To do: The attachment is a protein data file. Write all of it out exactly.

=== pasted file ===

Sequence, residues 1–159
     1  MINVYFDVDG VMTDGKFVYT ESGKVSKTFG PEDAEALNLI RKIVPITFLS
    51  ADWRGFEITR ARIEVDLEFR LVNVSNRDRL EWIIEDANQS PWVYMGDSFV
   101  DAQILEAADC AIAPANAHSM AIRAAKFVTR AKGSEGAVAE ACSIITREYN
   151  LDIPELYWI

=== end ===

Sequence, residues 1–159
     1  MINVYFDVDG VMTDGKFVYT ESGKVSKTFG PEDAEALNLI RKIVPITFLS
    51  ADWRGFEITR ARIEVDLEFR LVNVSNRDRL EWIIEDANQS PWVYMGDSFV
   101  DAQILEAADC AIAPANAHSM AIRAAKFVTR AKGSEGAVAE ACSIITREYN
   151  LDIPELYWI